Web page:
Tuesday, May 15, 2012

How to live poor and not feel like it (so much)

photo: Omer Wazir

In the four years that Lindsey and I have been married, we have yet to make more than $30,000 in a single tax year.

This might surprise some of you who know us because we don't, to my knowledge anyway, look poor - unless you count driving up in our awesome 15-year-old car.

Along the way, we've picked up some habits that make living frugally more enjoyable. Here are some of them:

1. Hulu instead of cable.
Keep the Internet. Kill the cable. All of our favorite network shows are available online, and even some of our favorite cable shows like Psych are free on sites like Hulu.

Plus, since Hulu is on demand, it's like having a DVR.  If you have an old desktop computer (or can get your hands on one), it will probably be perfect for a home media PC connected to your TV.

2. Good toilet paper.
A few items are not worth scrimping on. The couple of bucks you can save by going generic aren't really worth it when it comes to the comfort of your tushie.

3. Ice cream.
We stay stocked on ice cream. Nothing fancy, just store brand or whatever is cheapest. This makes home a happy place to eat and live.

4. Netflix, not movies.
We have subscribed to Netflix rather than going to movies. Some movies are worth the big screen date, such as The Avengers, but other movies aren't. Is The Proposal any funnier 30 feet tall than it is 3 feet tall? I say "no."

5. Cook at home.
Eating out is a huge expense that is easy to curtail. If you're insanely busy like we are, take one Saturday per month and make a bunch of freezable meals or sauces. If you have friends who do the same, you can even trade with each other to introduce variety.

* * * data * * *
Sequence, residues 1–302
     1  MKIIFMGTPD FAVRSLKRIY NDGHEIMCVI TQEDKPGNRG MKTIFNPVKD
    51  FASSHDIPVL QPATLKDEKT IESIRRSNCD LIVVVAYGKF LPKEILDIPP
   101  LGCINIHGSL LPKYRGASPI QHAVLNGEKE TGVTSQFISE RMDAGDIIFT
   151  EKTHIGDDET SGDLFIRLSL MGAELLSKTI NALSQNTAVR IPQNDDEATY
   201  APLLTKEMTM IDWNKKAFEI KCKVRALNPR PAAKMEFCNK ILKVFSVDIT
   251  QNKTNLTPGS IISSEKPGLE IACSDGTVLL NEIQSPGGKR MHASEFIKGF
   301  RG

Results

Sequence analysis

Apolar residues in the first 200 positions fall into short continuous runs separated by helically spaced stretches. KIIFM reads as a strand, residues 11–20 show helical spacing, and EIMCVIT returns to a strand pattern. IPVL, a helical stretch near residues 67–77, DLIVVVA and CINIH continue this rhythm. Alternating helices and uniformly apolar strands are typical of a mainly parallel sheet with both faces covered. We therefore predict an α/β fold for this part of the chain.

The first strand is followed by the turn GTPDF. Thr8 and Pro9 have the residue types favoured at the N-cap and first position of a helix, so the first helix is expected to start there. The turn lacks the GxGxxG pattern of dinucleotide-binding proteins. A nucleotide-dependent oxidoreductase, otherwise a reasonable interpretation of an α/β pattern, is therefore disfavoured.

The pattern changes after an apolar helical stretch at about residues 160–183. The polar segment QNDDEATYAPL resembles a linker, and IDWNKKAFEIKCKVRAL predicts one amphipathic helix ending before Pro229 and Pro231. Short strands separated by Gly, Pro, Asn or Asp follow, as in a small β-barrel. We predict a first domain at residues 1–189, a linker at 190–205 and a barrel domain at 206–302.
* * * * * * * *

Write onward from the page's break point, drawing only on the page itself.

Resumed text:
Don't go premade either. Ingredients for lasagna are cheaper than frozen lasagna which is cheaper than Olive Garden. Ultimately, this is usually much healthier too.

6. Work on the side.
If you have a skill that people will pay for, pick up occasional side jobs. Teach a guitar lesson. Plan a party. Take care of someone else's kids. Then have a little fun with that money if you can afford to.

7. Haunt clearance.
We don't buy clothes full price unless we absolutely have to. I would guess that 75% or more of my wardrobe is from clearance racks at Target, Old Navy, or Kohl's. It's my personal mission to never pay more than $10 for a shirt.

The only time I break this rule is if it isn't worth buying lower quality. I will pay $25 for jeans if they will last me three times longer than the $10 clearance pair.

8. Learn new things.
You might be more capable at small automotive repairs or cooking than you think. Only use professionals if the risk is greater than the savings or if you will lose money or do poorly at your job without it. I.e. If riding the bus to work makes you late, get your car fixed.

9. Split meals.
Look up the nutritional facts for your favorite restaurant dish. A lot of times they're more calories than even two people should consume in one meal.

When you do go out on a date with your spouse or significant other, split the meal. It gives you a good excuse to sit close. Don't stiff the waiter in the tip, though. Be conscious of the fact that you took up one of their tables for that time period. Frugality isn't an excuse for stinginess.

These tricks won't magically shrink the size of your rent, mortgage, or student loans.  They can't make health insurance affordable.  But if you're struggling with life feeling just a little unmanageable, then they might help tight budgets feel a little roomier.

What do you do to save a little money?

1 comment:

  1. Scott and I were just saying that we are horrible at having fun, mostly because it costs money. Thanks for sharing!


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